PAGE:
Furthermore, Russia’s “efficacy” in Syria has resulted in hundreds of civilian deaths, including those of women and children. Assad’s war crimes are well documented, including barrel bombs dropped on civilian targets and the use of chemical weapons. Why are the atrocities of Putin and Assad not noted by Cohen and vanden Heuvel? Do they actually believe that Putin and Assad are driven by humanitarian considerations? That Putin is not interested in retaining Russia’s bases in Syria? That Assad does not desire to continue ruling the country?

Yes, the United States should cooperate with all willing participants in taking certain actions to fight the ISIS threat, but it also shouldn’t ignore their often brutal practices and what their intentions may be. Hopefully, The Nation will not succumb to “Trumpism” (i.e., quick, no-risk rhetorical solutions) and promote “coalition” demagoguery.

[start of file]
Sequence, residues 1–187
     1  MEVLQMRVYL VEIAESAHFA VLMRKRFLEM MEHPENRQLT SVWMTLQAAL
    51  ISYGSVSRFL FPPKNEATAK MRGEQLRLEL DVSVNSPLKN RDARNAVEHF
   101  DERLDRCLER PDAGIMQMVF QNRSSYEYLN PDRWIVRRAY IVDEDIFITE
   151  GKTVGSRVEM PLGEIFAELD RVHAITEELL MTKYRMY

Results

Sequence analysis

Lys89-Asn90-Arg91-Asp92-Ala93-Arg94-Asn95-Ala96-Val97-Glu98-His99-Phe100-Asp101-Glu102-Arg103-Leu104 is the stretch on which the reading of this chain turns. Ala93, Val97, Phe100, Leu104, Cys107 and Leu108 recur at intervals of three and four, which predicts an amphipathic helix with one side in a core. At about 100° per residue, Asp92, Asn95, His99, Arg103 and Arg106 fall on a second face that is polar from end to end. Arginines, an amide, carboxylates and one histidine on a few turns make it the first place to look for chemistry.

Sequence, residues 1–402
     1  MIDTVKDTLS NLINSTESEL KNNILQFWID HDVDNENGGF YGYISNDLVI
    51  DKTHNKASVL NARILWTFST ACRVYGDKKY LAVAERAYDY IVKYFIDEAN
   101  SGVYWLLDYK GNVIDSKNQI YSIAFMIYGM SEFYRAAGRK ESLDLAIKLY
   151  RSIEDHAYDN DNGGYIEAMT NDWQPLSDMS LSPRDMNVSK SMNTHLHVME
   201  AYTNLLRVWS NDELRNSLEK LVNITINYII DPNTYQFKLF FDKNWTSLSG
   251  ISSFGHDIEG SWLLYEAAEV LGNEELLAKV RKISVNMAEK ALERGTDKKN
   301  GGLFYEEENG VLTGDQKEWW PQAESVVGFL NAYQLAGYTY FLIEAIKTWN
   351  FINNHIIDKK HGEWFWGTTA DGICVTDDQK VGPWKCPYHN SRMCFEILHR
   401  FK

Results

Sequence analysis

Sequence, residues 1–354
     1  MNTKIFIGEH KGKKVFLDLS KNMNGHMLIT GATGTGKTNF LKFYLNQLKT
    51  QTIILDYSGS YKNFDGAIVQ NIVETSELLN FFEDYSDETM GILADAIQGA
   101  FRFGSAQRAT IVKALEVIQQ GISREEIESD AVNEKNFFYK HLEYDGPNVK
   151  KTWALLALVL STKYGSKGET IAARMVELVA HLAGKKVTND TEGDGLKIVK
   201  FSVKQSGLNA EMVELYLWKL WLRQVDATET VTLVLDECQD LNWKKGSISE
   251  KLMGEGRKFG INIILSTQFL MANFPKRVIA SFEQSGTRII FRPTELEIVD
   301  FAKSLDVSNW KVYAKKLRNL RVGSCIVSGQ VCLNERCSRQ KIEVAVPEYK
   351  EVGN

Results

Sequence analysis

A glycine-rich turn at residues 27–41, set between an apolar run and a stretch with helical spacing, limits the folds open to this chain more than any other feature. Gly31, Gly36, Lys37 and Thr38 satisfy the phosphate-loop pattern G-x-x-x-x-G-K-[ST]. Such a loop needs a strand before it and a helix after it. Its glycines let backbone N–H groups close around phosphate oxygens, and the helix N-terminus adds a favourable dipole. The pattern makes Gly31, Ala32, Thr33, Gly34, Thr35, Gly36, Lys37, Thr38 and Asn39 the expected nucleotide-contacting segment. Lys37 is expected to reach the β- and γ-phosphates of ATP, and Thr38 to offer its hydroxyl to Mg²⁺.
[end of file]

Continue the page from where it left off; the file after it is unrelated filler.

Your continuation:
Bohdan Futala
santa monica, calif.


Thomas Meaney’s “The Revolutionologist” [Dec. 7] stated: “The charismatic heroes of the Third World seemed to promise a heady combination of radical nationalism, Cold War neutrality, collective opposition to Western imperialism, and ‘Great Leap Forward’ material progress.” This idea should have been attributed to Clifford Geertz’s essay “What Was the Third World Revolution?” Also, the phrases “undeviating sense of purpose” and “the chosen were required to commit themselves for long periods of time” should have been attributed to Michael Walzer’s The Revolution of the Saints. We regret the oversights.

History Repeats Itself